We're yet to hear of any law firm that has taken steps to address depression in the workplace and we would love to draw attention to any firm trying to address this issue. The apparent inaction of firms is startling given the media's current focus on depression and substance abuse within the profession. We rely on our readership to be our eyes and ears so please fill us in if you know anything.
Thank you to Helen from Blue Letter Lawyers for writing this article about her experiences of living with depression and working within the law.
BLUE LETTER LAWYERS
The story told by “Free at Last”
struck a strong chord with me.
I am a lawyer who suffers from depression. The first firm I worked for was small and had a family feel, and so I was very open about my condition. Initially I had no qualms about my decision. The partners seemed sympathetic, and gave me paid time off during a couple of particularly bad bouts of depression. This seemed extraordinarily generous in comparison to the stories I had heard about the larger firms.
However, I soon realized that their tolerance only went so far. It became apparent during my final period of leave that, this time, I was expected to recover completely from my condition and ensure that it did not interrupt the workplace again.
Yet at the same time I realized that, more often than not, it was the behaviour of the partners themselves that was setting off or exacerbating my depressive episodes. I raised this with them, suggesting that a joint effort would be required. No such luck. After almost twelve months, with no sign that the partners would change their behaviour, I was forced to walk out, leaving behind a job that I otherwise greatly enjoyed.
I was brave or foolish enough to risk litigation in relation to my dismissal. Unfortunately, I was shocked again by the way in which the Equal Opportunity Commission of Victoria treated me in relation to my complaint. Without going into details, I can only say that my experience suggested that the Complaints Officers needed some serious training in dealing with depressed individuals.
I also sought assistance from the Law Institute, but there was very little they could do except refer me to a counsellor – and as I was already seeing a psychiatrist this was superfluous.
Law firms and lawyers are hopeless at dealing with depression. The perception is that a lawyer suffering from depression just needs to “buck up” and smell the roses. Unfortunately, many partners in law firms do not have a normal attitude to life. I have heard many stories of young lawyers trying in vain to explain to partners that they are depressed and lack motivation. This is met with total incomprehension, because the kind of person who “makes it” to partnership is the kind of person to whom career is everything.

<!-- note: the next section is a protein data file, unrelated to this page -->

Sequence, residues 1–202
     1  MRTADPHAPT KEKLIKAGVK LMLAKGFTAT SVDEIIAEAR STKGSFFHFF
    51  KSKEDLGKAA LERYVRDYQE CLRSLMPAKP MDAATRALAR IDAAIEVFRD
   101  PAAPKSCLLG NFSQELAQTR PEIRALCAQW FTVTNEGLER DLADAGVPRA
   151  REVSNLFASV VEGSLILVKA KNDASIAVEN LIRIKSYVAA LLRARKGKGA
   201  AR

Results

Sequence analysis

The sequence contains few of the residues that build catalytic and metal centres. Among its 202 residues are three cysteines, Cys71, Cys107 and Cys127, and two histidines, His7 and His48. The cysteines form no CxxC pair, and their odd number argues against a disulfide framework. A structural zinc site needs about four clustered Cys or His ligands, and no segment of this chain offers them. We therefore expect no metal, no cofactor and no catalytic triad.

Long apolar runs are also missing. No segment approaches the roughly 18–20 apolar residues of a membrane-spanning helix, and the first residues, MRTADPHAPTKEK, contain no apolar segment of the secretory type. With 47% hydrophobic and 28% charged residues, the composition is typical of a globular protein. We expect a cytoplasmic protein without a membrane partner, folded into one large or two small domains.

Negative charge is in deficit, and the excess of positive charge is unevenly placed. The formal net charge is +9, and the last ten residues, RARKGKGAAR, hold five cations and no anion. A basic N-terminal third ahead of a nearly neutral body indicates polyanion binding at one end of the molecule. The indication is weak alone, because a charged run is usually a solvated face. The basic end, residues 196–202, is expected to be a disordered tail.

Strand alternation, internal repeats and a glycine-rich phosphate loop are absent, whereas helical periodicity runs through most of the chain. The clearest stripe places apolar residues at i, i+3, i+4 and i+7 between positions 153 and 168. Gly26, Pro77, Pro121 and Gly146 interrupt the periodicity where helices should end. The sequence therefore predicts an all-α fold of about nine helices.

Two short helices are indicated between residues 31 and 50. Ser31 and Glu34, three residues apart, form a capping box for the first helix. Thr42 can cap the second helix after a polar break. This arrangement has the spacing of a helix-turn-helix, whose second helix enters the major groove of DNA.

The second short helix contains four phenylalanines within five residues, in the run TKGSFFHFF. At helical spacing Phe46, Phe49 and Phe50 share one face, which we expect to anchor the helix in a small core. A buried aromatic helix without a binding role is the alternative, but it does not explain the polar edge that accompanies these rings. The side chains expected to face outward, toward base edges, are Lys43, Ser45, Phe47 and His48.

A real commitment to work-life balance could alleviate the lack of morale felt by many young lawyers. But this alone is not enough. There should also be some recognition of the potentially destructive nature of legal work practices and culture. These observations are not targeted at any particular firm, but are based on a wide-ranging consideration of reasons why young lawyers of our acquaintance have left the law:
- Many senior lawyers have a total lack of management skills, because this is not the basis upon which lawyers get promoted to partnership, and therefore they have no idea how to manage junior staff;
- Office politics can have a soul-destroying impact on young lawyers when it is left unchecked. Why would any young lawyer wish to stay somewhere where those in command are fighting amongst each other?;
- When “support staff” are anything but supportive, this can impact very negatively on young lawyers (a good administrative assistant is worth his or her weight in gold);
- Many firms tolerate bullying, sexual harassment and discrimination as “natural”, and if you don’t like it, you’re some kind of “wuss” or “prude”; and
- Depression and lack of motivation is never discussed openly and if a person indicates that he or she is having problems, he or she must be “a lunatic” who is “not coping”.
No wonder depression is rampant amongst the legal community.
My experience made me realize that there was no support group for lawyers who were suffering from depression. What was more, I soon began to see that lawyers were a group who – more than any other – needed assistance and education in this area. This has been seen in many American studies, and is also displayed in a recent study conducted by beyond blue.
And so I created blue letter lawyers. Although at this stage it is little more than a name and a funky website (kudos to my sister and co-founder for the graphics), I am hopeful that it will become much more than this in due course.
The aim of the group is to promulgate information about depression in order to educate lawyers about the signs, impact and appropriate treatment for depression; to provide a space where lawyers can exchange their stories and tips for dealing with depression in the workplace; and to maybe even change the way in which the law itself deals with depression.
blue letter lawyers is therefore looking for people (or organizations) who are interested in helping us get our idea off the ground. Although we have passion in bucket loads, we also need the experience and know-how, or even just a couple of extra brains to get us really storming!
If you are interested in assisting, then please contact either myself (Helen) at firstname.lastname@example.org or my sister (Katy) at email@example.com.